Pirates, Terrorists, Gunowners they’re all the same.

To Boost the British Economy I’d tax all foreigners living abroad

Monty Python’s Flying Circus The Spanish Inquisition 1970

Pirates are hanged

Lord Hornblower 1946

I have come to kill Indians and believe it is right and honorable to use any means under God’s heaven to kill Indians

Col. John M. Chivington

Via Glenn I see a very interesting and potentially dangerous precedent being made by US courts:

A few days before Christmas, the U.S. indicted three men at the Federal District courthouse in Brooklyn for plotting suicide bomb attacks.

This is an extraordinary, almost unique case: none of the people or conduct has any connection to the U.S.
Sounds good right, terrorists nailed before they could do suicide bombings read on…

The defendants are foreign nationals, captured by some African government ont their way to join up with al-Shabab, the Somali Islamist group.

Even better, I’ve gone on for years about the threat of Islamic Terror and its large body count. Stopping these murderous bastards is always a positive and saves lives, but here is where it gets complicated…

To be clear, there is no suggestion that they planned to target American nationals or facilities, or had even ever been to this country before.

Three thoughts go into my mind:

In terms of utility this would be a good thing. Terror and suicide bombing are an international problem as is terror by Islamists. Going after them would doubtless save many lives, not necessarily American lives but lives just the same and make it more complicated for terror groups to act.

In terms of  principle furthermore you could apply the old rules of Piracy, Pirates when captured on the high seas could be hanged on the spot and piracy is still recognized as an “offense against the law of nations” surely Terrorism and suicide bombing can be as well

It’s in terms of practice is where we run into problems. First of all, there is the US Constitution (emphasis mine)

The Art I. authority for prosecuting conduct under universal jurisdiction is the “Define and Punish” clause. Yet the clause limits universal jurisdiction to crimes, like piracy, that are i) “offenses against the law of nations,” and ii) treated as universally cognizable by the law of nations. Congress cannot “define” something as a universal offense when the law of nations has not done so – not because of any superiority or comity of international law, but because that is the limit place by the Define and Punish Clause.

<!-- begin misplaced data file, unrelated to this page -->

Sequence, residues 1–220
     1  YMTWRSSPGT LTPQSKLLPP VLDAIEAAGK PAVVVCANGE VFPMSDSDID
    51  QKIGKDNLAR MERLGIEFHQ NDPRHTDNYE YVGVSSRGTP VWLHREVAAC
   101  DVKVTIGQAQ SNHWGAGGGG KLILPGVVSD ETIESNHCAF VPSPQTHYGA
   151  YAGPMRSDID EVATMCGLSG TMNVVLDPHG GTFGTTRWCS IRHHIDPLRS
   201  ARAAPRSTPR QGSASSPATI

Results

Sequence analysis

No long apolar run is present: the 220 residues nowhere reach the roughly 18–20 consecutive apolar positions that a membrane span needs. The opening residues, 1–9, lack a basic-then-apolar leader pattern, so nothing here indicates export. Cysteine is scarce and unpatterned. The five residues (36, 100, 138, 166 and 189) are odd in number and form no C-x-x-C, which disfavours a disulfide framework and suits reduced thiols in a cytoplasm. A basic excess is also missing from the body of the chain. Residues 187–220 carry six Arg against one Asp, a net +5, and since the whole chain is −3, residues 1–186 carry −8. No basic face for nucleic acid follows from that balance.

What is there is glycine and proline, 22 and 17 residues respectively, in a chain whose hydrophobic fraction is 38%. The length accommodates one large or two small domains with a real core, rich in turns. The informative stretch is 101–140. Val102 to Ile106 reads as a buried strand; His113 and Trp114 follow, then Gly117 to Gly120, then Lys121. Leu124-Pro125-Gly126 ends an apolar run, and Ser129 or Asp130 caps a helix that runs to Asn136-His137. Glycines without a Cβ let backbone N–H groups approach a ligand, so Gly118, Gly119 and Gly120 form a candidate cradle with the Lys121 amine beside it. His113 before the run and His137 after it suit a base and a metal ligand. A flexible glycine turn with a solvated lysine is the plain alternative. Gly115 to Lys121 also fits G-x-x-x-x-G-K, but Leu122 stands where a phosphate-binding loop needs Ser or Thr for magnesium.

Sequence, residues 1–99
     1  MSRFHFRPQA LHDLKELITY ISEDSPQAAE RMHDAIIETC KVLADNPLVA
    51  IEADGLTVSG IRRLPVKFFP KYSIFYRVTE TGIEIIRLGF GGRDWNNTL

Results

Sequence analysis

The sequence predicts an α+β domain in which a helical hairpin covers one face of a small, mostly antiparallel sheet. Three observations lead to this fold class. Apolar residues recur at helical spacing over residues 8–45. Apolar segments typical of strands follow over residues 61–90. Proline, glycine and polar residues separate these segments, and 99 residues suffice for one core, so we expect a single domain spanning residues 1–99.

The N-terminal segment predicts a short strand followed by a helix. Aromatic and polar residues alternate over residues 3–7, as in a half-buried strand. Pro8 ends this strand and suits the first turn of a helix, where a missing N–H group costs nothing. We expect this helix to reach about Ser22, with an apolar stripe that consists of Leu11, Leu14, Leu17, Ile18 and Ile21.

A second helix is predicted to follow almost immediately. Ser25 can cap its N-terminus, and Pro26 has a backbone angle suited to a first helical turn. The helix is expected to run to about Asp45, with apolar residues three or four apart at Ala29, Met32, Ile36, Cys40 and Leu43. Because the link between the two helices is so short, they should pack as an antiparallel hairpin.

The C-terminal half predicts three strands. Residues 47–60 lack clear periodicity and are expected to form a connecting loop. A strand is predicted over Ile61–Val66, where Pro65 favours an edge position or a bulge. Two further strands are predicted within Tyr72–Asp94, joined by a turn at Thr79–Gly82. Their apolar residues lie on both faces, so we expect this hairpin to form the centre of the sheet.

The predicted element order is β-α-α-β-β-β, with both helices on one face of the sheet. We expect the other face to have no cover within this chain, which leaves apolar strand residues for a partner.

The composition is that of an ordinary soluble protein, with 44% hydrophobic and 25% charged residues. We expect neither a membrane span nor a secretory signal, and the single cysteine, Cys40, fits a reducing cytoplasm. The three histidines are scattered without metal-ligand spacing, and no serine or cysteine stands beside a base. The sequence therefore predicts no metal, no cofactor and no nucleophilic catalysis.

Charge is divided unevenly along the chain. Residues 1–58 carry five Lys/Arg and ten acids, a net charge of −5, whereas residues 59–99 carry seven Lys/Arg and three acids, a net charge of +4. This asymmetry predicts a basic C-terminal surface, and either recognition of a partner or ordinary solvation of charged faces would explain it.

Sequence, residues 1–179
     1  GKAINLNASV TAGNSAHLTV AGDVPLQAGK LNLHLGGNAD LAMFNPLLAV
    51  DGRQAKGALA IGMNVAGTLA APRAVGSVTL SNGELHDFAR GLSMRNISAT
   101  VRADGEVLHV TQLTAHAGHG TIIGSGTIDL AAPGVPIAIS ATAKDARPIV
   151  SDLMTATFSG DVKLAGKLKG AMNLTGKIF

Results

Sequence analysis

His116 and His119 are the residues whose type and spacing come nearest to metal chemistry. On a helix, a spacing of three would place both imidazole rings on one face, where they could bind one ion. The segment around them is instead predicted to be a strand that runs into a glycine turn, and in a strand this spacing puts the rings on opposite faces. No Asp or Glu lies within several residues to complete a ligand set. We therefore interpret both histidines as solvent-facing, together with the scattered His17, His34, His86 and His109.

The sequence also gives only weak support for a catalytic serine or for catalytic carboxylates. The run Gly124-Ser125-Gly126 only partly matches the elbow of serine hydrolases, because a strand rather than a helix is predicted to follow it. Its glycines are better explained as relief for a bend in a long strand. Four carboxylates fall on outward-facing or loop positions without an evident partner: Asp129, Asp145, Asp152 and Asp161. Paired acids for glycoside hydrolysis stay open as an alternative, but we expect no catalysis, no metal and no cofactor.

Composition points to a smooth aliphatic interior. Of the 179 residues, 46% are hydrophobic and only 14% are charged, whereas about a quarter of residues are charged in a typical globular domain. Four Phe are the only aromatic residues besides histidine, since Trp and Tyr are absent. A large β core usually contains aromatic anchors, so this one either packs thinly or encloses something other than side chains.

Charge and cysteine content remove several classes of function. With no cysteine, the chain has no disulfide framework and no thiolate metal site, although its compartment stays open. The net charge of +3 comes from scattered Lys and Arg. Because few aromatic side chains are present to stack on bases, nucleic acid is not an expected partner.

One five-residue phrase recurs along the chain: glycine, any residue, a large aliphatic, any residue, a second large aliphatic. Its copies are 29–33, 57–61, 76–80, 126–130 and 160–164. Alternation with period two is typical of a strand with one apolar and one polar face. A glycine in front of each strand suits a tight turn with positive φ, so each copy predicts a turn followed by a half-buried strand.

It would seem to me odd that suicide bombing and terrorism is not defined as “offenses against the law of nations” but if that is in fact the case, this simply can’t be done because the constitution explicitly limited the power of congress to do this (and that matters because they are being prosecuted under US law).

If we move to get terror and these groups listed as “offenders against the law of nations” internationally then we are in play, or better yet if we can get terrorism defined as a form of Piracy, already recognized as the same that would work, but until then it’s pretty dodgy allowing the government to redefine “offenses against the law of nations”.  I don’t trust congress or the president to unilaterally redefine this kind of thing and neither should any of you.

And if congress can’t be trust consider who defines these things internationally these days:

the problem of course is how such a law is enforced and how “terrorist” is defined. I suspect if the UN gets its hands on it suddenly Israel will be on the list of “terror” nations giving a false sense of legitimacy to the murder of Jews everywhere.

Remember this is the same international community ready to consider Israel a bunch of criminals for firing back when rockets are launched against civilians while willing to turn a blind eye to those who shoot them.

Or worse yet, what if this same international community defines offending religion (read Islam) is an “offense against the law of nations”. Suddenly US citizens abroad could be picked up for any of these offenses and tried under international law using the same type of Universal jurisdiction being applied here.  Or perhaps private ownership of firearms can also be so defined.  There are already international moves in that direction and if you don’t think that can happen here, look at the reaction in the US since Sandy Hook?

As a practical matter stopping these guys is a good thing, but we had better be careful,  VERY careful when it comes to embracing  this kind of thing.